We’ve been gradually serialising Rob Hansen’s adaptation of fan history ‘Then’ for the last year. This time, we’re reaching the end of his account, but we’re also reaching a discussion that has become a central part of fandom and inclusion for years. How do we keep old and new fans happy? How do we welcome new fans and make them feel part of our family, and how do we celebrate our own rich histories? It’s all here, and Then.
7. The Generation Gap
HYPHEN 25 appeared in November 1960, the first issue in eight months. By this point – as indicated by the letter column, which contained responses from three times as many Americans as Britons – HYPHEN was increasingly aimed at US fandom where the
type of fannishness that had characterised 1950s fandom was still alive. Nevertheless, HYPHEN’s reappearance was due in no small part to the enthusiasm of Ian McAuley, its new co-editor. McAuley was a Dublin fan who had made contact with the Belfast group a year or so earlier and who regularly made the trip from the Republic to attend their meetings. Thanks to McAuley’s enthusiasm HYPHEN would see five issues in 1961, it’s best year in some time. Not that all was well with Irish Fandom. Writing about the group for an American fanzine early in 1961, Willis expressed his sadness at John Berry’s distance from the group:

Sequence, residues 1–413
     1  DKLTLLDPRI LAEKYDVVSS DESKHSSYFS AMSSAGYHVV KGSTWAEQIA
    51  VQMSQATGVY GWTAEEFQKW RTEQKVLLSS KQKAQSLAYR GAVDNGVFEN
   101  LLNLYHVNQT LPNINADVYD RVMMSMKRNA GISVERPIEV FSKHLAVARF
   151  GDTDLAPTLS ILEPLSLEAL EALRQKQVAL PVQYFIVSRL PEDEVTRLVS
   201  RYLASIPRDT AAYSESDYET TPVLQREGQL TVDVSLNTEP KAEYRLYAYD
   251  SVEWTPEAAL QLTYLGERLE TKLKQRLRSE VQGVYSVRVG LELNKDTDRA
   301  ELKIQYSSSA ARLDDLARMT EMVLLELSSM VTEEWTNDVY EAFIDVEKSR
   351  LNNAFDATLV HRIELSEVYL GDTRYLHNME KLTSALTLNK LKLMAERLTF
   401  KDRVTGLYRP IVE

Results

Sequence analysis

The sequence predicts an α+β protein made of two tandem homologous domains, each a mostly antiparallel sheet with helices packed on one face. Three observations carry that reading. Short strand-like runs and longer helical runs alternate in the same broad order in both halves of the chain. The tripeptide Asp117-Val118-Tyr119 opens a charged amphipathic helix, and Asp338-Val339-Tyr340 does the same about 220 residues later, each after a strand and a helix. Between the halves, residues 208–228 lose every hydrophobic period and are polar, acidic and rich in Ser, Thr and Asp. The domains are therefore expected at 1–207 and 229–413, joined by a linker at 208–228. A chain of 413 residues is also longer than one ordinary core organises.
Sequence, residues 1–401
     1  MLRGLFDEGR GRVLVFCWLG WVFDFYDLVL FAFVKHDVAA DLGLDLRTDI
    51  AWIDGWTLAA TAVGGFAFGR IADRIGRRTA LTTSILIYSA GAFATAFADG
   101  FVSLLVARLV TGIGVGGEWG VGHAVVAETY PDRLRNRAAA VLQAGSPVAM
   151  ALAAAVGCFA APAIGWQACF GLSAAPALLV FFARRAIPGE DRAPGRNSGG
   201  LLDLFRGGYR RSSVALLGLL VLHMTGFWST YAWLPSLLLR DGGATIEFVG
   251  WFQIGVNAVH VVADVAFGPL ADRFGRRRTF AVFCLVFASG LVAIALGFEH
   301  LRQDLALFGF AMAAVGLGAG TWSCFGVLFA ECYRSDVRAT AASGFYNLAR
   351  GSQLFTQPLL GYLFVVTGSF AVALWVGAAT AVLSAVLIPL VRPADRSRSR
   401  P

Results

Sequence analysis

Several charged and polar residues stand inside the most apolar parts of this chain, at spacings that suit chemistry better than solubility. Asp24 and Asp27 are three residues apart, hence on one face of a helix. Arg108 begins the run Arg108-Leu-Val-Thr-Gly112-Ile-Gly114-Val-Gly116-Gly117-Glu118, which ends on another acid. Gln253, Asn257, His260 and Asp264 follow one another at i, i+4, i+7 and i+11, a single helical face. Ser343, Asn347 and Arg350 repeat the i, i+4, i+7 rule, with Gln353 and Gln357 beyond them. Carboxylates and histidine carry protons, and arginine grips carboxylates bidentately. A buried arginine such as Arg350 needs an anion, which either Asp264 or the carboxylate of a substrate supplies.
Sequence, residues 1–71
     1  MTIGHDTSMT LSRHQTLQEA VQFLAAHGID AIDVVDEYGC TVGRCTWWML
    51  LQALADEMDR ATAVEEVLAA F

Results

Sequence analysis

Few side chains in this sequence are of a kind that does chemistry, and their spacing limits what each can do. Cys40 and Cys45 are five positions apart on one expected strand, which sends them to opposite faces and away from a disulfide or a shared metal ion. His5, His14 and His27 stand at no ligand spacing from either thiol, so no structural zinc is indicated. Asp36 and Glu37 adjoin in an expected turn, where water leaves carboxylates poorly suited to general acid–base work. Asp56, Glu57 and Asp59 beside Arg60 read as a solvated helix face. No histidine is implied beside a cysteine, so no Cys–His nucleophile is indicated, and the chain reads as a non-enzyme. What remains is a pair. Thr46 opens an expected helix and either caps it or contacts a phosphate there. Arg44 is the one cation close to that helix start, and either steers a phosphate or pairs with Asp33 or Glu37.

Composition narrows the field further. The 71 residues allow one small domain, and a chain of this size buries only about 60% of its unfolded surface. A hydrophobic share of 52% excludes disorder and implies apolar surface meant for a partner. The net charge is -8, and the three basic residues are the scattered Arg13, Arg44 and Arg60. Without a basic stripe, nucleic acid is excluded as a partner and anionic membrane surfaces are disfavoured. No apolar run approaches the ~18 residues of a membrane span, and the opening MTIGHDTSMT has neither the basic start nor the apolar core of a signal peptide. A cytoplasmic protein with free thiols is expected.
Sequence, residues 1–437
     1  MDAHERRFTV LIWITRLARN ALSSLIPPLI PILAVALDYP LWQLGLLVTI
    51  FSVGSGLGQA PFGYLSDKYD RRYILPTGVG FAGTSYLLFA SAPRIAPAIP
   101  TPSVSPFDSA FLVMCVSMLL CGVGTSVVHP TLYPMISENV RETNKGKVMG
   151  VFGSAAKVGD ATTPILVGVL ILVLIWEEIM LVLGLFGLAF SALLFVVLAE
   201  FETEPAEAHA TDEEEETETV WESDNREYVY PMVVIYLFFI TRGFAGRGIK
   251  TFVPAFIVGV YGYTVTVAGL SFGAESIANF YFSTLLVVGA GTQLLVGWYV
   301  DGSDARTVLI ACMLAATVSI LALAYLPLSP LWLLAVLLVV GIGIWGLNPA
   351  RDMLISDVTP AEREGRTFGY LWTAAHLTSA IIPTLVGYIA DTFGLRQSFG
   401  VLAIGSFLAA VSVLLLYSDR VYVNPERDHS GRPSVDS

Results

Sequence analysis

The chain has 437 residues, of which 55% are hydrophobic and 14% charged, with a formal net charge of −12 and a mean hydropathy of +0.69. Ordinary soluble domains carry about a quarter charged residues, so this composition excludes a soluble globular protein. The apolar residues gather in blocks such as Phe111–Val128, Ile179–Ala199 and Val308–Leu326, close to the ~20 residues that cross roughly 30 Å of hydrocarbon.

“As John began to write for other fanzines and to publish his own, he stopped
coming to the regular meetings of Irish Fandom. He never said why and I often
wondered, and I wonder now, whether he had felt I was jealous of a talent that
was so much more prolific than mine and of a gift for comic invention I could
never surpass. But if it was, and if there was some way I had betrayed it, I
couldn’t find out about it. We were left to wonder if it was something we’d
Program Book Cover for 1962 Worldcon
The 1962 Worldcon was held in Chicago, as it had been ten years earlier when Walt Willis made the historic trip that provided the inspiration for TAFF. In New York a group of fans – Ted White, Greg Benford, and Peter Graham – had decided the previous year that the perfect way to celebrate the tenth anniversary of that trip was to repeat it and they had floated the idea in their fanzine, VOID. The idea was taken up by the editors of AXE, Larry and Noreen Shaw, who put together a fund (the TAWF fund) to raise the money. And so it was that on 27th August 1962 Walt and Madeleine Willis flew to the US. Over the next month or so the Willises travelled all over America, and on their return Walt wrote another monumental trip report, TWICE UPON A TIME, and Madeleine – long a contributor to the various Irish Fandom fanzines – wrote one of her own that was published serially by Los Angeles fan Bruce Pelz. So fas as I’m aware, this has never been collected.
April 1963 brought the first issue of George Charters’ THE SCARR. Charters had long been the least prolific member of Irish Fandom but with THE SCARR all that changed and he became their *most* prolific member during the 1960s. THE SCARR (the title was an anagram of ‘Charters’) was very much in the mould of other Irish Fandom fanzines and drew on the same pool of talented contributors. It saw 19 issues in all, the final one in January 1970.
At the 1964 Eastercon those active during the fifties finally had to face up to the new realities. As Walt Willis wrote in his American column shortly afterwards:
“…at the annual general meeting of the BSFA it was clear what we had done.